The Good: Opening themes, Amusing visual style
The Bad: Thematic conclusions, Characters, Simplicity of plot, Narrative devices, Overriding simplicity
The Basics: A sad attempt to be innovative, Wizards fails due to complete hokey camp quality and thematic reversals.
It's always a shame when someone in the movie or music industry attempts to be innovative and fails. I'd rather sit through twenty innovative failures like Wizards than watch Gladiator ever again. That said, the troublingly campy Wizards is an animated film that tries to be adult and fails. Horrible.
The film, made in the mid-1970s, is a fantasy film about the world two million years from now. Humanity having destroyed itself, the last remnants have long mutated into something barely recognizable as human. The earth is populated by evil mutants in the radiation-filled wastelands that were our planet. In the long interim, mythical beings have re-emerged, including pixies and elves. As the opening voice-over tells us, there is now great conflict between the forces of magic and those of technology.
Wizards centers around two prominent magic-users, twins born a couple thousand years ago. Avatar is the good, though clumsy, wizard who preaches peace, love and earthloving magic. The evil Black Wolf starts his place in the film by showing the 70s flair for blatant psychology; as a child he tortured animals and didn't visit his mother. Black Wolf is marshaling all of the forces of evil in an attempt to reunite Earth under a totalitarian regime. Avatar, in the company of an exposed fairy queen, a young elf warrior, and a robot reprogrammed and named Peace, leads an effort to thwart Black Wolf's attempt to establish a Nazi-esque power base. Neither wizard seems to use magic very often.
With names like Avatar for the good wizard and Black Wolf for the sickly mutant wizard of evil, it's obvious right off the bat that this film is going to be polarized and juvenile. While the film attempts to be adult with the costuming of the fairy queen, the images of Nazis played as background to the hordes of animated mayhem, and depicting multiple instances of carnage, it fails to be adult in that it goes over the top; it's too obvious.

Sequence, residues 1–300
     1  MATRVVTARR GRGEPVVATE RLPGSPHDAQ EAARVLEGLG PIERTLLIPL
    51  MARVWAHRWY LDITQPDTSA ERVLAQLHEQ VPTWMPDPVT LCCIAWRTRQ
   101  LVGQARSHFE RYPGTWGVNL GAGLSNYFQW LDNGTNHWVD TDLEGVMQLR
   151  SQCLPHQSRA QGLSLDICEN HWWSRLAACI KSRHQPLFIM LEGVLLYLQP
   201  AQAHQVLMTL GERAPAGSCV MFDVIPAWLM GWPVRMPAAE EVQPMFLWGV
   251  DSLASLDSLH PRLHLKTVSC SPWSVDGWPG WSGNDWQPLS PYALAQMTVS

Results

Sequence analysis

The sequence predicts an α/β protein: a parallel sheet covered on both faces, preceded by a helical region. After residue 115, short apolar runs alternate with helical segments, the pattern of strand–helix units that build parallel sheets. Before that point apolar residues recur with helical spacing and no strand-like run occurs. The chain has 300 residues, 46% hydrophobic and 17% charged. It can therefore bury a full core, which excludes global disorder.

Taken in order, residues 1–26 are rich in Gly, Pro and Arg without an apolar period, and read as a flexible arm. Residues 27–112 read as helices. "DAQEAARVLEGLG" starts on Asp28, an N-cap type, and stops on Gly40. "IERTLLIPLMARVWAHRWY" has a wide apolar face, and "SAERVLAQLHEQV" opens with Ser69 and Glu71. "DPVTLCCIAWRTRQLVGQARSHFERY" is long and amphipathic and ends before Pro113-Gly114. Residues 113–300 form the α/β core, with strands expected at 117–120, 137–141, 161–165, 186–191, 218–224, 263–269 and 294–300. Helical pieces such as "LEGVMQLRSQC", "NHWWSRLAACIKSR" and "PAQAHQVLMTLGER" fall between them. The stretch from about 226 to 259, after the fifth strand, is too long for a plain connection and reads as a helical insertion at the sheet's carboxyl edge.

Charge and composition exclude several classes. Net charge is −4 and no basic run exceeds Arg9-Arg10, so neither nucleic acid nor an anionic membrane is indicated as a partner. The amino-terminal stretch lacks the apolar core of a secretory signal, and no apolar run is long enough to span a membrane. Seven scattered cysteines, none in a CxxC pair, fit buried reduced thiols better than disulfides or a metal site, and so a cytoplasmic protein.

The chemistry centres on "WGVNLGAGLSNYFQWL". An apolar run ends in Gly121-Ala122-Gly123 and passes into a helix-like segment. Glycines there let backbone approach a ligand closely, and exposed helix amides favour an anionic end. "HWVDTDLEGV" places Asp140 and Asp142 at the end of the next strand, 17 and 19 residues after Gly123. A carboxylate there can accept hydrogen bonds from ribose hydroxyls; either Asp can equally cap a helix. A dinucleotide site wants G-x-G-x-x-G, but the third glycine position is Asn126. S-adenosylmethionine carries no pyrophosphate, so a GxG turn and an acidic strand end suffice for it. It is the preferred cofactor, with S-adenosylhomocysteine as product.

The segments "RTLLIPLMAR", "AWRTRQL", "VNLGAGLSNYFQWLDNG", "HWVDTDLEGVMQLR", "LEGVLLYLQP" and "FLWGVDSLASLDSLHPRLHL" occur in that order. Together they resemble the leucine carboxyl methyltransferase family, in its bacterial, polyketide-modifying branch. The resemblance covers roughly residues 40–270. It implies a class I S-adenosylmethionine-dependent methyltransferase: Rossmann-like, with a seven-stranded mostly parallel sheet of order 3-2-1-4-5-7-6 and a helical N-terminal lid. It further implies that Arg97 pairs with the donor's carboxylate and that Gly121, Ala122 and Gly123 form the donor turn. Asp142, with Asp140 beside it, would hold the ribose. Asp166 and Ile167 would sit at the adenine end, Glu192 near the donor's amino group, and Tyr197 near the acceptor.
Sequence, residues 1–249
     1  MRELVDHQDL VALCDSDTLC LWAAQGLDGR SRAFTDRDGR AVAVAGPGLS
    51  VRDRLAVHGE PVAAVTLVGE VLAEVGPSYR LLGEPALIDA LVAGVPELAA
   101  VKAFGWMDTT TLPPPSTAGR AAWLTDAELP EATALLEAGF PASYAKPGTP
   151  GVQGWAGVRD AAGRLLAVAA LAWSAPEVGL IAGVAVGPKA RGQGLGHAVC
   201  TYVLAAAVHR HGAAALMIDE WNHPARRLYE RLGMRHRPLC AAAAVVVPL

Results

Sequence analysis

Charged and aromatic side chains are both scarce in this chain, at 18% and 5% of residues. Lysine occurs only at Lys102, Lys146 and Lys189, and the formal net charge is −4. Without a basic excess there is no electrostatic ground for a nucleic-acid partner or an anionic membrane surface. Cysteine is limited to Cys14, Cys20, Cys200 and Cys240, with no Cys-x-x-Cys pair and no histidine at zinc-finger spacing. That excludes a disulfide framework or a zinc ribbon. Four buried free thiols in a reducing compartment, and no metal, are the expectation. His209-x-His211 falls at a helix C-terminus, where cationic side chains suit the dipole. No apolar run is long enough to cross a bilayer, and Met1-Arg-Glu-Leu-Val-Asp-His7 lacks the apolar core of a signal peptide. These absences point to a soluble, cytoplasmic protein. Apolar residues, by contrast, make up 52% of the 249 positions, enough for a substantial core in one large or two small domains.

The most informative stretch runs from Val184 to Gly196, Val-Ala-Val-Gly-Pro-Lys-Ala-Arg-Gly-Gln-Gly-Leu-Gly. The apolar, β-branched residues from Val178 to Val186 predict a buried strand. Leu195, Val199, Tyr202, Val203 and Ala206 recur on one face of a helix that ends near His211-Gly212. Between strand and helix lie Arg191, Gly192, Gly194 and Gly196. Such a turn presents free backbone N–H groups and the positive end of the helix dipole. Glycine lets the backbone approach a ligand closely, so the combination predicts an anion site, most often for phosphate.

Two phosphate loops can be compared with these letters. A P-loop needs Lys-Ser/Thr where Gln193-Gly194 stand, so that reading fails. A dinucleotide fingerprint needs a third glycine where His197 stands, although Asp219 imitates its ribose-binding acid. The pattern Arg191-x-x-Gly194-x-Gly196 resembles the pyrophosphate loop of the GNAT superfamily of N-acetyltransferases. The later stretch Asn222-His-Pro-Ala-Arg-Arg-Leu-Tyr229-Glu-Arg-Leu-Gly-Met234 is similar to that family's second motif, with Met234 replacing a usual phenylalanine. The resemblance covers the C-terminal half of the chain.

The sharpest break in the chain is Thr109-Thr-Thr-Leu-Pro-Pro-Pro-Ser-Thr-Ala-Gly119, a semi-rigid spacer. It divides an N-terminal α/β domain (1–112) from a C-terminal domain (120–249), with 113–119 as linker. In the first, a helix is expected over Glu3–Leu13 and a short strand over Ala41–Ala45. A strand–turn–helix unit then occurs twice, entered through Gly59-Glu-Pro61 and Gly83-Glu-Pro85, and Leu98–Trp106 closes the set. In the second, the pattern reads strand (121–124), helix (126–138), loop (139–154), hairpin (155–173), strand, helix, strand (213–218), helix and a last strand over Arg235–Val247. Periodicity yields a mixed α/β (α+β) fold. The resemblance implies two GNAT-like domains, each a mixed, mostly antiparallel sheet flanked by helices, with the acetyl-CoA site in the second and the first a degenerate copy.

The plus sides of the film are that it begins with some good thematic messages and it's fun to look at. Wizards, while establishing a classic good vs. evil dichotomy, plants some good ideals of peace, love and brotherhood in its opening scenes. Too bad it does not stick with it. Avatar's ultimate resolution to the problem is thematically disgusting and disheartening to those who do believe in peace, love, and brotherhood! As for the look of the film, it's easy on the eyes. The animation is mixed with still backgrounds and moving footage, setting it apart from anything made today.
But even that is not flawless. A large chunk of the film is presented as still images with voice-over work, as if the viewer is being read from a picturebook. It's somewhat insulting. The flops between the moving animation and the still frames with voice-overs is not seamless and it's more distracting than illuminating. It has the feeling of the production company running out of money to pay the animators and explaining things rather than maintaining continuity.
The plot is simple and none of the characters are particularly genuine. The film views like a children's picturebook. And while most fairy tales (especially Grimm's) contain adult themes and are marketed toward children, this anti-genocide, antiwar (if it can be called that) film is marketed towards adults, but despite the cartoon violence, can only be appreciated by children.
Ideal for an evening with friends for a session of Mystery Science Theater 3000 mockery.
For other animated films, please check out my reviews of:
The Nightmare Before Christmas
The Little Mermaid
For other movie reviews, please click here to visit my index page!
© 2010, 2001 W.L. Swarts. May not be reprinted without permission.